It enables you to do just that. You can set a number of referrers and assign a welcome box to each. What you place inside the box is totally up to you, as long as it’s a piece of static text (HTML allowed).

You can also choose where do you want the box to appear (posts, pages) and what position it should take (before the post, after, or inside a lightbox). Pretty easy to use, so feel free to check it out.

If you want to use referrer data for something a bit more interesting then you’re going to have to implement it yourself. Luckily, the actual part of recognizing the referrer is a simple, two-line piece of code.

Before I talk over some possible usages let me just quickly share the code I’m talking about:


$referer_parse = parse_url($_SERVER['HTTP_REFERER']); 
   if(strpos($referer_parse['host'], 'google.')!==false)  
      { 
         // your PHP code
      }

This is an example of how to recognize Google as the referrer. Google uses a lot of different domains hence the “google.” usage instead of “google.com” which would only catch the US version of Google.

You can paste this code wherever you like inside one of the files of the theme you’re using.

(Note. If you’re using a premium theme from ThemeFuse or a similar site, creating a new child theme might be a better idea than modifying the existing one.)

What for?

Several paragraphs above I mentioned two quite interesting applications of all this. First of all, displaying custom ads.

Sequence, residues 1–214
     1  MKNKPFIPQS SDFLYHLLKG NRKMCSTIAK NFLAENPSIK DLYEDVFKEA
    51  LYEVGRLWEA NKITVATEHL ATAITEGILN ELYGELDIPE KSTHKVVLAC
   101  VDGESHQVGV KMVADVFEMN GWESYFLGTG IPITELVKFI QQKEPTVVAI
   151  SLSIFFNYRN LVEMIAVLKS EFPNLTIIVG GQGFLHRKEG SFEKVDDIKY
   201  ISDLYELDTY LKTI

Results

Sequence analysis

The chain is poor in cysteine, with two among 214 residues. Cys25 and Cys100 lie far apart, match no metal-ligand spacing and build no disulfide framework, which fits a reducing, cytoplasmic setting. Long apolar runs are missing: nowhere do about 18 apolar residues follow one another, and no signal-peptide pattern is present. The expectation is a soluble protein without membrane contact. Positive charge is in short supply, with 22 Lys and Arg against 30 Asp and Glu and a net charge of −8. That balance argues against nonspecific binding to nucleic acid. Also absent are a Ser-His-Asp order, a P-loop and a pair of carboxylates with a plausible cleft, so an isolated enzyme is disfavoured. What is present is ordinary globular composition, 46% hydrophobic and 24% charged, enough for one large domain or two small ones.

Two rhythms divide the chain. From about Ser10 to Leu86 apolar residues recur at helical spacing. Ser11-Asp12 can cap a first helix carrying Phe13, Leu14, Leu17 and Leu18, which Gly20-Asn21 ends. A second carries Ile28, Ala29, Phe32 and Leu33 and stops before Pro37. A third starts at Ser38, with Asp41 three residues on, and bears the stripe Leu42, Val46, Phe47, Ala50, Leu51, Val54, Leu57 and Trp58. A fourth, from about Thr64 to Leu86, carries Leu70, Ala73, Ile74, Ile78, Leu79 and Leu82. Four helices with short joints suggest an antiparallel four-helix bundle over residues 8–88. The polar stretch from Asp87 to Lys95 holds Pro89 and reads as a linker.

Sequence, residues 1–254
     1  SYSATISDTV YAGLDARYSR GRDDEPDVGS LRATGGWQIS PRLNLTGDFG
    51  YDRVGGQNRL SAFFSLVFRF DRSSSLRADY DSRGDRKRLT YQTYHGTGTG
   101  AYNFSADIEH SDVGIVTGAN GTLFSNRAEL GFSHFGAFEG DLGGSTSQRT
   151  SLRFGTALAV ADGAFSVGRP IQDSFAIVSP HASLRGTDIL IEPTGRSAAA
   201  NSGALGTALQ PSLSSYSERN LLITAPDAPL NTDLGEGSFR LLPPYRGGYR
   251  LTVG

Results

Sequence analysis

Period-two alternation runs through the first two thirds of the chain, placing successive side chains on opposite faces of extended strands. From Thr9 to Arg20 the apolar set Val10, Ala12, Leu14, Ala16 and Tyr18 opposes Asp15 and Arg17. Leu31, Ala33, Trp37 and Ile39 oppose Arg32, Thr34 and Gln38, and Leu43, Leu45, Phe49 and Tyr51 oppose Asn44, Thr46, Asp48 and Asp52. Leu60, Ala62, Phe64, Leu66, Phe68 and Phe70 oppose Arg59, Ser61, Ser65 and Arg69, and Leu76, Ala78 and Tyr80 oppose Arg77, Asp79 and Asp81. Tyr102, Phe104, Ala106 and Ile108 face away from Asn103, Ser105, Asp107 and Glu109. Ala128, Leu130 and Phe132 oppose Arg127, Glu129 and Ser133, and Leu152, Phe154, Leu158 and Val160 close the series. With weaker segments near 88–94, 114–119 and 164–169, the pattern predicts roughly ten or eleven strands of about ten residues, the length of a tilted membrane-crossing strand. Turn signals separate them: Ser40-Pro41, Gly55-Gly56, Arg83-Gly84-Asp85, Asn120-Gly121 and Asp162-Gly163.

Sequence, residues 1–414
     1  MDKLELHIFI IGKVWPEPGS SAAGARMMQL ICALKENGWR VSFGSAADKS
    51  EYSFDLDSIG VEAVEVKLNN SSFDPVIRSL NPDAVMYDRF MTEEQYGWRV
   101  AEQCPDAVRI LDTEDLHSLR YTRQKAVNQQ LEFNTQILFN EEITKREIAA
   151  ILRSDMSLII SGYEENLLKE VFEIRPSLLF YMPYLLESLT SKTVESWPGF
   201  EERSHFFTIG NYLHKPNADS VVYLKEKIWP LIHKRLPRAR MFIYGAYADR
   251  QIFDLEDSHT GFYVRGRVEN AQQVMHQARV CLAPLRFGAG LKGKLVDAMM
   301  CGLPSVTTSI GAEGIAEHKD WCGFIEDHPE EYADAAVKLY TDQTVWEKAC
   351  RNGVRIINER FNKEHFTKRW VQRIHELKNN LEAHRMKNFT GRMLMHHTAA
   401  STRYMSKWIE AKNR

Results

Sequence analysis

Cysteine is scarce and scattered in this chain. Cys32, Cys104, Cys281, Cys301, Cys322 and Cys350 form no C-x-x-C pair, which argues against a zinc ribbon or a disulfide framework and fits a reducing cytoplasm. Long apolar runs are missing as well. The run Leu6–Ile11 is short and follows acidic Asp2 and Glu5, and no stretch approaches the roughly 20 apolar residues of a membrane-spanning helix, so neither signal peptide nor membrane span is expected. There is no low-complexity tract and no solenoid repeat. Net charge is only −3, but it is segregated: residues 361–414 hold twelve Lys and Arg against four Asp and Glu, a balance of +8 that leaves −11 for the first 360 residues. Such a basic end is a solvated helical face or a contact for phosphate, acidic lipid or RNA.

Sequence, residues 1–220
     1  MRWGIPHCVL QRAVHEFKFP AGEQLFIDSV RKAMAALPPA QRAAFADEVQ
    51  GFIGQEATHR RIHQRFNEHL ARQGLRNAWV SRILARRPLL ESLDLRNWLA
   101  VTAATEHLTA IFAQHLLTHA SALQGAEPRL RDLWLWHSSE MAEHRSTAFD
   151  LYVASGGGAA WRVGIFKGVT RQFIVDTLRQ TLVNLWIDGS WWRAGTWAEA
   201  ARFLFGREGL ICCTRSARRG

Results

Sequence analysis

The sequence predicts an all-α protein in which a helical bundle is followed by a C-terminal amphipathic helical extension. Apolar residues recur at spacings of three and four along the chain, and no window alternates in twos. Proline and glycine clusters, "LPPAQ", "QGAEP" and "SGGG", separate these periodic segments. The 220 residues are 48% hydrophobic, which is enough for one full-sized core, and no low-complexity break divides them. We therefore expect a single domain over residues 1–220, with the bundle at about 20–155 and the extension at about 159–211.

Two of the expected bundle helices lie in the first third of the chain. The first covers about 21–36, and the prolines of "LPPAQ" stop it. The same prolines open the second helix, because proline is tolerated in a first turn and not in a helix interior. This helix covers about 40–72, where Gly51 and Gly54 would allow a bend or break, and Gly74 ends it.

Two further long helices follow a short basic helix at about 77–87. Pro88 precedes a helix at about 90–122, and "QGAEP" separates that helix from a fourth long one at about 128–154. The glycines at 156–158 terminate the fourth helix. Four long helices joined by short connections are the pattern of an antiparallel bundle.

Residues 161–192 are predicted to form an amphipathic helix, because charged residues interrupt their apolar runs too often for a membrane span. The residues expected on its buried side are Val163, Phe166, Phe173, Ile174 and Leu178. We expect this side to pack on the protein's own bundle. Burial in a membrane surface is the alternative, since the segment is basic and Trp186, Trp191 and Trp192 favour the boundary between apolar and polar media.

There is a belief that internet users hate ads. Some people worry about this, and some people don’t. If you’re somewhere in the middle you might want to use referrer recognition to display ads to users coming from search engines only.

This is a fairly popular trick. Many bloggers don’t like to show too many ads to their constant readers to avoid pissing them off. So they only show those ads to visitors coming form search engines. These visitors are most likely new to the site, so they have no expectations whatsoever. They are a lot less likely to be discouraged by an additional add somewhere on the page.

This is easy to implement. You just pick the file you want to enable it into. Like single.php, for example, and use the code above in whatever section of the file you feel being the most suitable.

The only thing you have to do is place your AdSense code inside the parentheses (or any other advertising code).

Another usage might be to provide some custom discount codes. This is a situation very likely to happen when you’re selling something on your site and have an agreement with your partners to give some kind of discount to whoever comes from their sites and buys your products. This is easily attainable by using the referrer detection technique.

Actually, it’s also a great example of something that can’t be done with the Referrer Detector plugin, but can be done quite easily with just a couple of lines of code. That’s because if you’re doing such a promotion you want the code to appear on your landing page only, not across the whole site to every visitor coming from a certain referrer.

I think we’ve reached the end of this tutorial. I hope you’ll find some interesting applications of this technique. And when you do, don’t forget to shoot me a comment.